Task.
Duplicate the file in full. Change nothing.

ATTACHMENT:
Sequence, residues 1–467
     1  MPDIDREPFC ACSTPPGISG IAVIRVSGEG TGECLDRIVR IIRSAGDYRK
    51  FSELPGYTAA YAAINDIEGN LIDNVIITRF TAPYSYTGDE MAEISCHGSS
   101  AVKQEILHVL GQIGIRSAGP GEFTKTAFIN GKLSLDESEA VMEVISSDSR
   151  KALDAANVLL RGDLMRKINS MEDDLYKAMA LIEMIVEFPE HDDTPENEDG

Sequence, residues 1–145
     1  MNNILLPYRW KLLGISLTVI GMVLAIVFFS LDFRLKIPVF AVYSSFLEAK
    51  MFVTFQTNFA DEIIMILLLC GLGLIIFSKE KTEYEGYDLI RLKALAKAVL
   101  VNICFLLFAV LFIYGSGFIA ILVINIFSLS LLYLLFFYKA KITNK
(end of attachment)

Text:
Sequence, residues 1–467
     1  MPDIDREPFC ACSTPPGISG IAVIRVSGEG TGECLDRIVR IIRSAGDYRK
    51  FSELPGYTAA YAAINDIEGN LIDNVIITRF TAPYSYTGDE MAEISCHGSS
   101  AVKQEILHVL GQIGIRSAGP GEFTKTAFIN GKLSLDESEA VMEVISSDSR
   151  KALDAANVLL RGDLMRKINS MEDDLYKAMA LIEMIVEFPE HDDTPENEDG

Sequence, residues 1–145
     1  MNNILLPYRW KLLGISLTVI GMVLAIVFFS LDFRLKIPVF AVYSSFLEAK
    51  MFVTFQTNFA DEIIMILLLC GLGLIIFSKE KTEYEGYDLI RLKALAKAVL
   101  VNICFLLFAV LFIYGSGFIA ILVINIFSLS LLYLLFFYKA KITNK